• Categories •
• Aristotle •
Duration: 1 hour 40 mins
Price : $50
About “Categories" by Aristotle
In this work Aristotle identifies ten basic types of things or categories which play a fundamental role in helping us understand and organise the world around us. These are substance, quantity, quality, relation, place, time, position, state, action, and affection. The most important of them is the category of substance.
He defines substance as that which something is, and not just what it appears to be. He also argues that substances have properties and accidents, properties are those that are essential to the substance, while accidents are those that are not.
Aristotelian Categories also include quantity, which refers to the amount or size of something, and quality, which refers to the characteristics or properties of something. Relation refers to the way in which things are related to one another, while place and time refer to the location and duration of something. Position and state refer to the way in which something is situated or arranged, and action and affection refer to the activity or effects of something.
Aristotle's "Categories" is a complex work that raises many questions and offers various interpretations. But generally it is considered a foundation of Aristotelian logic, metaphysics and ontology. It provides a framework for understanding and categorizing the world around us, and it continues to influence philosophy, logic, and other fields today.
You can follow the Greek text of “Categories”, by Aristotle, online at archive.org. A translation in English is found here.
Aristotle (Gr.: Ἀριστοτέλης), one of the most important philosophers of Antiquity, was born in 385 BCE in Stageira of Chalkidike. Born in a rich family he had the opportunity to get high education. From 367 BCE on and for about twenty years, he studied philosophy in Athens by Plato and also taught in his Academy. After the death of Plato he moved to the city of Assus in Asia Minor, where he taught philosophy until 345 BCE., when he accepted an invitation by Theophrastus to teach in Mytilene. In 342 BCE King Philippus asked him to teach his 13 years old son, Alexander. After the death of Philippus Aristotle returned to Athens and established the “Lyceum”, where he set his teaching forth. However, after the death of Alexander in 323 BCE and having been accused by opponents for disrespect, he retired in Chalkis. He died in 322 BC from some stomach disease.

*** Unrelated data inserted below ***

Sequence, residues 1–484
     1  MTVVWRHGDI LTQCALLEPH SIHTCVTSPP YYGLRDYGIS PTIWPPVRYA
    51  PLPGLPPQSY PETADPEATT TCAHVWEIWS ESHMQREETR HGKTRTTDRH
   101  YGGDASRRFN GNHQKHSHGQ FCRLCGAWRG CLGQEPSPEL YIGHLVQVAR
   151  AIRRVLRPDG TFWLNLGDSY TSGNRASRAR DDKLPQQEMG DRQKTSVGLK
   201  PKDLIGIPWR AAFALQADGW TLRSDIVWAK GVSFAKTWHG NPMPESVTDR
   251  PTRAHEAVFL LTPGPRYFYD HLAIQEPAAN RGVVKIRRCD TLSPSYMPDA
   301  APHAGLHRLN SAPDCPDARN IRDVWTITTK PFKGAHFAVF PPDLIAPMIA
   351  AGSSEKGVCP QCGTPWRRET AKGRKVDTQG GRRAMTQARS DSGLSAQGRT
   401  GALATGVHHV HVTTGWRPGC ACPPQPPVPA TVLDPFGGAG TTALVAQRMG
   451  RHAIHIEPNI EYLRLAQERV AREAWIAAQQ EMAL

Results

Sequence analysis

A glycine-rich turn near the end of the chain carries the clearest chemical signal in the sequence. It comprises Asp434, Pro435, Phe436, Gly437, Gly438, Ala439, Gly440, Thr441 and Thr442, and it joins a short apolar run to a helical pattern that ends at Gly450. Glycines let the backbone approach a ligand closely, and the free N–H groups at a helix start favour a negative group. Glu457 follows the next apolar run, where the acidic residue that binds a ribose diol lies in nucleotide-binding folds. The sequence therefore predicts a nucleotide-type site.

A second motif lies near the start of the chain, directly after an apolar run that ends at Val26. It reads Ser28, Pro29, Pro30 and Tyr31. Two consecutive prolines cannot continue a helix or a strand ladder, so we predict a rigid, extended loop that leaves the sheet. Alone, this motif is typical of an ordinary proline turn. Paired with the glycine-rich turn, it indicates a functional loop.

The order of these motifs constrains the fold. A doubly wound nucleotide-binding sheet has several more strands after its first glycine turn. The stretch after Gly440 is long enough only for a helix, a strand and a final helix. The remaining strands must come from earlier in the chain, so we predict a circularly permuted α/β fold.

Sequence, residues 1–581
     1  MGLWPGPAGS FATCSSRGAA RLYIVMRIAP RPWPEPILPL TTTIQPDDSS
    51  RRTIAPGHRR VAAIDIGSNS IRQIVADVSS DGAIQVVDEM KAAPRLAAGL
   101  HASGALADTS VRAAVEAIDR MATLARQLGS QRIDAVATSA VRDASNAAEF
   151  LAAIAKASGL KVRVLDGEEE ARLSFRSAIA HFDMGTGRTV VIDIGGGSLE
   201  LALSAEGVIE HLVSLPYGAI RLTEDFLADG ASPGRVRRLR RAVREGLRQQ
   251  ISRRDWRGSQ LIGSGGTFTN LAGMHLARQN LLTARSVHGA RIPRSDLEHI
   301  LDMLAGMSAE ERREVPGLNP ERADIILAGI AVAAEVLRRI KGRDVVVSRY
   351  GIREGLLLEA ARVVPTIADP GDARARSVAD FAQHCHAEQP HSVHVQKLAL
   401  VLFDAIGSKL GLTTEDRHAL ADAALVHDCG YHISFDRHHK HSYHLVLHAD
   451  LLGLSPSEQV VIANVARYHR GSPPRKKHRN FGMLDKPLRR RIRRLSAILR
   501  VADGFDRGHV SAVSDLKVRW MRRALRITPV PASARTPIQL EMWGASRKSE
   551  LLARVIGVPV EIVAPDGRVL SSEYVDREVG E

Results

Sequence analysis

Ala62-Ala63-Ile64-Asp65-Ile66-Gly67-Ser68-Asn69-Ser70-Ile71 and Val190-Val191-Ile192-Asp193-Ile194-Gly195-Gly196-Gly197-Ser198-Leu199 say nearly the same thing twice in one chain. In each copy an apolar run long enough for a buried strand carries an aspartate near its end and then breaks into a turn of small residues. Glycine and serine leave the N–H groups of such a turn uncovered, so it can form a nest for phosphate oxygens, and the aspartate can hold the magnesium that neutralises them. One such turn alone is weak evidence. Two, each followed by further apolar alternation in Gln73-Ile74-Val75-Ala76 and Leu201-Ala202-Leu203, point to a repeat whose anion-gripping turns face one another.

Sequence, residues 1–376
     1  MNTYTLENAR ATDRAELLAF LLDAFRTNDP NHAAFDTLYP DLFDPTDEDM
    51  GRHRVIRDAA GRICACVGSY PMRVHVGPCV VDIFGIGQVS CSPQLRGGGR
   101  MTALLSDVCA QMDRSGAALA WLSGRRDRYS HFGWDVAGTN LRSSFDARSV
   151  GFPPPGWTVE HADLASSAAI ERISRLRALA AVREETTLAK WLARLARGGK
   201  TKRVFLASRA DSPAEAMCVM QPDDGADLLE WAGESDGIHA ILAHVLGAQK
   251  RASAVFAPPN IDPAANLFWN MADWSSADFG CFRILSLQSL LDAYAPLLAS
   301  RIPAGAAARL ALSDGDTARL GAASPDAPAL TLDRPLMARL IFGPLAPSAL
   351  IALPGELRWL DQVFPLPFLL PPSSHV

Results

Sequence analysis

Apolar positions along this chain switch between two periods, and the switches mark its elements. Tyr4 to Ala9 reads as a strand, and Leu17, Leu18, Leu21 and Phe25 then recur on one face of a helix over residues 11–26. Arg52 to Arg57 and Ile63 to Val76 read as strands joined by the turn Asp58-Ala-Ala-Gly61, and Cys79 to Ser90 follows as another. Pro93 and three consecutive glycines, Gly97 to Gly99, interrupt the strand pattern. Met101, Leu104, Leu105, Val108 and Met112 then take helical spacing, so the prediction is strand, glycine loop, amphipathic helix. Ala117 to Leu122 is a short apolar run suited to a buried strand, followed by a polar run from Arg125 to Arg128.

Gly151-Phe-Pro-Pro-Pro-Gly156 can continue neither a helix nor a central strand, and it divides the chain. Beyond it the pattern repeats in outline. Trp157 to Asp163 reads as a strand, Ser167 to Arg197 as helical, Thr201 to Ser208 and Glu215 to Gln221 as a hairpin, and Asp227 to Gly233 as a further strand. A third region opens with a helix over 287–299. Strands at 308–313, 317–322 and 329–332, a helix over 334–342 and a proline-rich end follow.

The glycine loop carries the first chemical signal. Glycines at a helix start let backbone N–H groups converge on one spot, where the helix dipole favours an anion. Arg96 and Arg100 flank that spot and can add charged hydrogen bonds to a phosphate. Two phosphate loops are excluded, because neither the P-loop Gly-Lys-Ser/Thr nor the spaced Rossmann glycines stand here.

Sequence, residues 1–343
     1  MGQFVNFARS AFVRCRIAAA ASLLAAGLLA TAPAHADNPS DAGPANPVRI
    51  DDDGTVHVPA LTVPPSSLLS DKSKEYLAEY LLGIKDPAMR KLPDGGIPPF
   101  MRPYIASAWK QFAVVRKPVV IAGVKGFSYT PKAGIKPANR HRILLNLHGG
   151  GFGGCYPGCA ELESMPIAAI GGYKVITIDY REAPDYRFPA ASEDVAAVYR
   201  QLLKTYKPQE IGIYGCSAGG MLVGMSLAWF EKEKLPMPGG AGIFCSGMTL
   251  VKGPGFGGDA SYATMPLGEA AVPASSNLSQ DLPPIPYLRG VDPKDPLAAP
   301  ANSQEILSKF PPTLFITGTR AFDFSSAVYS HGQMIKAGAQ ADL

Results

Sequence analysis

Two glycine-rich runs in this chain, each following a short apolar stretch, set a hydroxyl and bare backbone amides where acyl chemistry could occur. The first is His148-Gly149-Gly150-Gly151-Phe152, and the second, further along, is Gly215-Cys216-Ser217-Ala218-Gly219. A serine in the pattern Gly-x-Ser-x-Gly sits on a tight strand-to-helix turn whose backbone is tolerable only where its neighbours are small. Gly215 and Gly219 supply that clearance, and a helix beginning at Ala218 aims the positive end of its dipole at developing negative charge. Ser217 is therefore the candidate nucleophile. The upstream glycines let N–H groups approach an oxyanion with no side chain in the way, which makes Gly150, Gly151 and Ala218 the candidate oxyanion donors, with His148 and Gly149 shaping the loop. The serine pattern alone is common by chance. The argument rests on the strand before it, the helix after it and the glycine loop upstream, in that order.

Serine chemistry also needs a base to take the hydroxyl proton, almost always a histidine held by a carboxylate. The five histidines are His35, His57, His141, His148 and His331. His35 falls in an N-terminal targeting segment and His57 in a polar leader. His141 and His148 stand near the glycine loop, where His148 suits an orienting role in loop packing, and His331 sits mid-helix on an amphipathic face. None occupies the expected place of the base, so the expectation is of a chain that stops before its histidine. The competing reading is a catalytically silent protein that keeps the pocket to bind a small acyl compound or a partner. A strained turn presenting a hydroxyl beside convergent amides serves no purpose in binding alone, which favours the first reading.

Aristotle left a lot of works. The works that have survived are distinguished in logical, physical, biological, psychological, metaphysical, moral, political, technological and various problems.
The Aristotelian works have included the following, which are not considered genuine: Physiognomy, About Miraculous Things Heard, About Colors, Mechanics, Rhetoric to Alexander and On Hearing.
About the audiobook
The recording contains the complete, unabridged Ancient Greek text of “Categories" by Aristotle. After purchase you will be able to download the relevant mp3 file.
You can listen to chapter 1 of “Categories”, an audio sample of the present audiobook. Please, click on the play-button bellow and, if you wish, follow the Ancient Greek text lower on the page, or alternatively watch the video, which is provided with a quick translation in English. Thank you!
Ὁμώνυμα λέγεται ὧν ὄνομα μόνον κοινόν, ὁ δὲ κατὰ τοὔνομα λόγος τῆς οὐσίας ἕτερος, οἷον ζῷον ὅ τε ἄνθρωπος καὶ τὸ γεγραμμένον. τούτων γὰρ ὄνομα μόνον κοινόν, ὁ δὲ κατὰ τοὔνομα λόγος τῆς οὐσίας ἕτερος· ἂν γάρ τις ἀποδιδῷ τί ἐστιν αὐτῶν ἑκατέρῳ τὸ ζῴῳ εἶναι, ἴδιον ἑκατέρου λόγον ἀποδώσει.
Συνώνυμα δὲ λέγεται ὧν τό τε ὄνομα κοινὸν καὶ ὁ κατὰ τοὔνομα λόγος τῆς οὐσίας ὁ αὐτός, οἷον ζῷον ὅ τε ἄνθρωπος καὶ ὁ βοῦς. ὁ γὰρ ἄνθρωπος καὶ ὁ βοῦς κοινῷ ὀνόματι προσαγορεύεται ζῷον, καὶ ὁ λόγος δὲ τῆς οὐσίας ὁ αὐτός· ἐὰν γὰρ ἀποδιδῷ τις τὸν ἑκατέρου λόγον, τί ἐστιν αὐτῶν ἑκατέρῳ τὸ ζῴῳ εἶναι, τὸν αὐτὸν λόγον ἀποδώσει.
Παρώνυμα δὲ λέγεται ὅσα ἀπό τινος διαφέροντα τῇ πτώσει τὴν κατὰ τοὔνομα προσηγορίαν ἔχει, οἷον ἀπὸ τῆς γραμματικῆς ὁ γραμματικὸς καὶ ἀπὸ τῆς ἀνδρείας ὁ ἀνδρεῖος.